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Costa Rican Government Risks Nation’s Eco-Friendly Reputation to Protect Shark-Finners

August 15, 2012

Costa Rican Government Risks Nation’s Eco-Friendly Reputation to Protect Shark-Finners

By Captain Alex Cornelissen,  Director of Operations, Sea Shepherd Galápagos

Sea Shepherd Galapagos Director, Alex Cornelissen, inspects the seized catch of an illegal shark fishing operation in Galapagos National ParkSea Shepherd Galapagos Director, Alex Cornelissen, inspects the seized catch of an illegal shark fishing operation in Galapagos National ParkThe Costa Rican government is making feeble attempts to hold up the illusion they care about Costa Rican waters. Ever since Captain Watson was arrested in Germany and heavy criticism befell upon President Chinchilla’s administration for this clearly politically motivated court case, reports have been issued in the Costa Rican media about small scale finning operations being apprehended. Whereas this seems to be a positive development, truth is that it is nothing but a smokescreen. The Costa Rican government is not doing anything to stop illegal shark finning in their waters. It seems that now not only Sea Shepherd is convinced of this, so is the nation’s own media, as illustrated in this recent article from the Costa Rican Times.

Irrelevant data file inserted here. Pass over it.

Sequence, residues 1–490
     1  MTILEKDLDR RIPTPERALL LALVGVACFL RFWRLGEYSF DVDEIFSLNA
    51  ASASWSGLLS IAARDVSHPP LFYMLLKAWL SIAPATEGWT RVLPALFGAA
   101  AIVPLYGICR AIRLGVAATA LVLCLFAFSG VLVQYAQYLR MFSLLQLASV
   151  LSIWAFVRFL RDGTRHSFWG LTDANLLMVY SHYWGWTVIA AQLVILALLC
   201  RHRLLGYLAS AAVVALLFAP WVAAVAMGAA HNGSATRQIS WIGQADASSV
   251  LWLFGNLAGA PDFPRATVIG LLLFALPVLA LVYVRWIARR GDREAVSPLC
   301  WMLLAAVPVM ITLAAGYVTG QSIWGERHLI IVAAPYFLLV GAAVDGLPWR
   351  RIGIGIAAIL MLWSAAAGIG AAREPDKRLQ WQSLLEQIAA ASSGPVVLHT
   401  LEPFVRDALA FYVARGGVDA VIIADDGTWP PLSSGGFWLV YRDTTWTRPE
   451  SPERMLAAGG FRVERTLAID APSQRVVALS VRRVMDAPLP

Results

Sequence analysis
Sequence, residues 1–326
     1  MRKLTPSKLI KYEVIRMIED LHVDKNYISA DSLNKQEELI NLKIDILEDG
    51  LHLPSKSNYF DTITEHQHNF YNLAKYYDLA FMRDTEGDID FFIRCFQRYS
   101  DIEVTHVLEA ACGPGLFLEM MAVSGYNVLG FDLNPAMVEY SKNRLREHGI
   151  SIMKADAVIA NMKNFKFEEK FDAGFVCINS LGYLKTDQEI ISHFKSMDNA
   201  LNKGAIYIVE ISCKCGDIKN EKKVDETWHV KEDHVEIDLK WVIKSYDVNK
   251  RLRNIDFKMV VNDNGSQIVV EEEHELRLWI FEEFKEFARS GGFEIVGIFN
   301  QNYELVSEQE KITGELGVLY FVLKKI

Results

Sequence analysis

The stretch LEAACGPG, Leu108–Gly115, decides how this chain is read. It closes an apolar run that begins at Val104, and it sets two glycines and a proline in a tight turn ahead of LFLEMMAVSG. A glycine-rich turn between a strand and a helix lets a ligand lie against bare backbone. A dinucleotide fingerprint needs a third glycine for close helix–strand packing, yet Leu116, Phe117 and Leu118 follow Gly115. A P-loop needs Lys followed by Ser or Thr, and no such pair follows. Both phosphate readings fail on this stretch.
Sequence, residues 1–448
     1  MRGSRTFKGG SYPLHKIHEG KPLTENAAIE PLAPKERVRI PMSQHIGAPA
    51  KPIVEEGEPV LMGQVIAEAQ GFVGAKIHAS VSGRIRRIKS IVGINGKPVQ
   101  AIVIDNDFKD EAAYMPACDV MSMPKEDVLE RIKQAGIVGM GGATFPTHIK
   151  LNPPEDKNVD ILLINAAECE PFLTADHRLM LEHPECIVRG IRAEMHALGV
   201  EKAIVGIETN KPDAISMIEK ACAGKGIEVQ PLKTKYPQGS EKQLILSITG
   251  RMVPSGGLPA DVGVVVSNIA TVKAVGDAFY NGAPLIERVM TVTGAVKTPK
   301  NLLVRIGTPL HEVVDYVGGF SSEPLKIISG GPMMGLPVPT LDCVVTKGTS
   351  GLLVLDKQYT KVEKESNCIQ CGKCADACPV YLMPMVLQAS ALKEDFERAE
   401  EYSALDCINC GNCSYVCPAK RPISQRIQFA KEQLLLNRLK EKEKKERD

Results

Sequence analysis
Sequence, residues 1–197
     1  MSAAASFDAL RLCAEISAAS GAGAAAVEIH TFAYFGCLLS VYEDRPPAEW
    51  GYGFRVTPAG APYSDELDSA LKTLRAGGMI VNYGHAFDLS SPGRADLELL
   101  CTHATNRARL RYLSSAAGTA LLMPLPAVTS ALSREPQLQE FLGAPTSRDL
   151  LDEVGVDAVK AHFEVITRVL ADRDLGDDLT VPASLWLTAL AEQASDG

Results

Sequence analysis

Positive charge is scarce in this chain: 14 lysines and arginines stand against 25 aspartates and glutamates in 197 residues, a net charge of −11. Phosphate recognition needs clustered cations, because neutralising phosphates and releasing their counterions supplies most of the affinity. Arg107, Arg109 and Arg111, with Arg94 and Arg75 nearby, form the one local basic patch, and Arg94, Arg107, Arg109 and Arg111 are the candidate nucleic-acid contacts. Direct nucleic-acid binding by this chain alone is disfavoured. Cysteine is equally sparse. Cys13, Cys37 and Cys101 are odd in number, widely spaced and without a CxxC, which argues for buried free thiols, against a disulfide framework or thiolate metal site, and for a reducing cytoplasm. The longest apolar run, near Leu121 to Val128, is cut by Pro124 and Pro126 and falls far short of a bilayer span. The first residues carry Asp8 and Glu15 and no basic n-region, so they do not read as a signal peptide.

Unfortunately, this is the reality for the Rangers on Cocos Island. Foreign fishing vessels wreak havoc on the shark populations in what is supposed to be a designated marine protected area and World Heritage Site. The Rangers have limited resources and can’t possibly catch all the vessels. They are up against whole fleets with no support from their government or coast guard. Sea Shepherd made the offer to help patrol the protected area of the Cocos Island Marine Reserve in 2002 and again in 2012, but our help is not welcome. Not that Cocos Island is hard to control; in fact, it is one of the easiest places in the world in which illegal fishing can be shut down. This can be done very efficiently at minimal cost. Clearly we could make a difference, like we have been doing in the Galápagos for years, but it seems that level of control is going to interfere with the bribes the Costa Rican government is receiving from the shark finners.

The Costa Rican government is making a mockery of the progress other countries in the region have achieved by continuing to pretend they have the shark finning problem under control. Reality is, the foreign shark finning fleets are controlling Costa Rican waters and the Chinchilla administration isn’t doing a damn thing about it.

An illegal Taiwanese shark finning operation near Costa Rican watersAn illegal Taiwanese shark finning operation near Costa
Rican waters


 

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